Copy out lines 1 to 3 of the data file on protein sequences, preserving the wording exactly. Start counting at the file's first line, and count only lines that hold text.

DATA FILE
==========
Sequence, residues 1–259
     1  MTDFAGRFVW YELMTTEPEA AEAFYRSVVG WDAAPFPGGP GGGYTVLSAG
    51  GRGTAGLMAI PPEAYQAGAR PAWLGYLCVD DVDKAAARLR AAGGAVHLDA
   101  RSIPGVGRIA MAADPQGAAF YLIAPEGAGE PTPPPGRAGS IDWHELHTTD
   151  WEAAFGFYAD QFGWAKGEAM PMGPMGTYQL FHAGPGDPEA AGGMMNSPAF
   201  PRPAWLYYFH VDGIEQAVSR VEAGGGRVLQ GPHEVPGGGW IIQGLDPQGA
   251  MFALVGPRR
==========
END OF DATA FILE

Sequence, residues 1–259
     1  MTDFAGRFVW YELMTTEPEA AEAFYRSVVG WDAAPFPGGP GGGYTVLSAG
    51  GRGTAGLMAI PPEAYQAGAR PAWLGYLCVD DVDKAAARLR AAGGAVHLDA